"so they've got to be on their toes."
The state of rates is
Often a loan through the dealership's financing office will
end up being the most economical choice, experts say. But getting quotes
independently from a bank or credit union is also important -- both for
research and as a negotiating tool.
While promotions on some vehicles tout 0-percent financing,
those deals are limited to a narrow slice of applicants with top credit scores.
Across all borrowers, the average rate
for a new vehicle loan was 4.46 percent in the second quarter, Experian
"The overriding good news is, when rates go down, they go
down in all of the credit tiers," Reed said. "There was a time when 6
percent was a good rate for even prime borrowers."
Zabritski said that,
for some credit tiers, rates have already changed direction and are edging back
upward. For deep subprime borrowers with scores 550 and below, average rates
were about 13.4 percent, compared to 13 percent a year earlier.
Another way for auto borrowers to help their cause is to save
for a down payment. As a rule of thumb,
banks will require 15 percent down on a new car loan, and experts say it's a
better idea to put down 20 percent.
Banks are taking a hard look at stuff -- money's
becoming more available.
|-- Gerry Ryan
Sport Chevrolet, Silver Spring, Md.
How big a down
In addition to helping you qualify for the loan, the down
payment insulates you from the steep loss of value that new vehicles experience
in their first year of ownership. Otherwise, you risk owing more on your vehicle
than it is worth on the resale market. A
new car "will depreciate at least 20 percent in the first year ... you
prepaid that," Reed said.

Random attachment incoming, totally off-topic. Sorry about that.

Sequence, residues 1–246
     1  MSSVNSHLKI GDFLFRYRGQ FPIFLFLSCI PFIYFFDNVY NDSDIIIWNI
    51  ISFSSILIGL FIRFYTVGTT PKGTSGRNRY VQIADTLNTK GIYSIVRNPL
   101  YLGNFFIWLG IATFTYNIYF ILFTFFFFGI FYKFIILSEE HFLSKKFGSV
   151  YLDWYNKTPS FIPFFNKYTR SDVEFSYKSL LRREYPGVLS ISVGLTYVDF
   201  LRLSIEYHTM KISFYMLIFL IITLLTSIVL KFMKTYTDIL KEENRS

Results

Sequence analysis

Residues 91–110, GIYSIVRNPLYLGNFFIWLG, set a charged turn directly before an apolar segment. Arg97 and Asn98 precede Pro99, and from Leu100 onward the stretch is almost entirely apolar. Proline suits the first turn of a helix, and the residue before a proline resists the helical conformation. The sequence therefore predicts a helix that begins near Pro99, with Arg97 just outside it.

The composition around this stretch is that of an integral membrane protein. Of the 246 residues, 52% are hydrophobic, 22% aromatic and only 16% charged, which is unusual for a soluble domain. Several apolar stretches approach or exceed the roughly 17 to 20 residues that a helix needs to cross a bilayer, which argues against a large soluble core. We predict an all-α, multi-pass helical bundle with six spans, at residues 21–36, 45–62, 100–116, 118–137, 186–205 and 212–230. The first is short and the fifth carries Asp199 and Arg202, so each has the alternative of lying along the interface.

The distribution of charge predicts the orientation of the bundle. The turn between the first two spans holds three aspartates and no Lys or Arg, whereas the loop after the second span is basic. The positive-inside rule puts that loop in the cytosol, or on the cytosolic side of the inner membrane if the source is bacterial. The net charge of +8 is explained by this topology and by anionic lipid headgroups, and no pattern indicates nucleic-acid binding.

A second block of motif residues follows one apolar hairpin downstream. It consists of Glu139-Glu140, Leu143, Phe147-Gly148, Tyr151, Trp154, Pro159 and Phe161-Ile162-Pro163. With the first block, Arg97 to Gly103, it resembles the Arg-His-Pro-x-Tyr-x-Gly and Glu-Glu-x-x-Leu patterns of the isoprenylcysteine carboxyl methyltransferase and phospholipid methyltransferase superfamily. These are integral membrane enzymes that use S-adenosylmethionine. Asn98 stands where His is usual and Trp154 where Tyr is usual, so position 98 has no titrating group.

The length of term for auto loans is getting longer, with 65
months now typical, Experian says. Longer
term loans are generally less economical because of higher interest costs, but
Reed noted one exception. If you are in the midst of turning your credit
around, you might go into a lengthy loan now, expecting to refinance in a year
or so when your score improves. In this
case, make sure you get a loan that lets you pay off early without a prepayment
penalty. Although it is rare, some auto
loans may require you to pay part or all the interest you would avoid by paying
Another way to keep your total cost down -- and your odds of
loan approval up -- is to skip the extras and options, experts say. Costs of new vehicles are climbing largely
because of options that add significantly to the bottom line. The average new vehicle cost $31,657 in
August, $221 more than a year ago, according to Kelley Blue Book.
Karl Bauer, senior
analyst at Kelley, said it is no hardship for buyers to skip the high-end
options, because new cars and light trucks in base configurations already
represent a good value.
"A lot of people think they need to get the most loaded
version of the vehicle -- you really don't," he said. "Technology is making them better, not
just the top-of-the-line version."
He recalled a test drive he took in a six-cylinder Dodge Durango that had
a lower sticker price than many other full-size SUVs, but exceeded his
expectations. "There's a V-8 (version)," he said, "but my
reaction is, save your money."
See related: What to expect when buying a car with bad credit
Published: September 19, 2013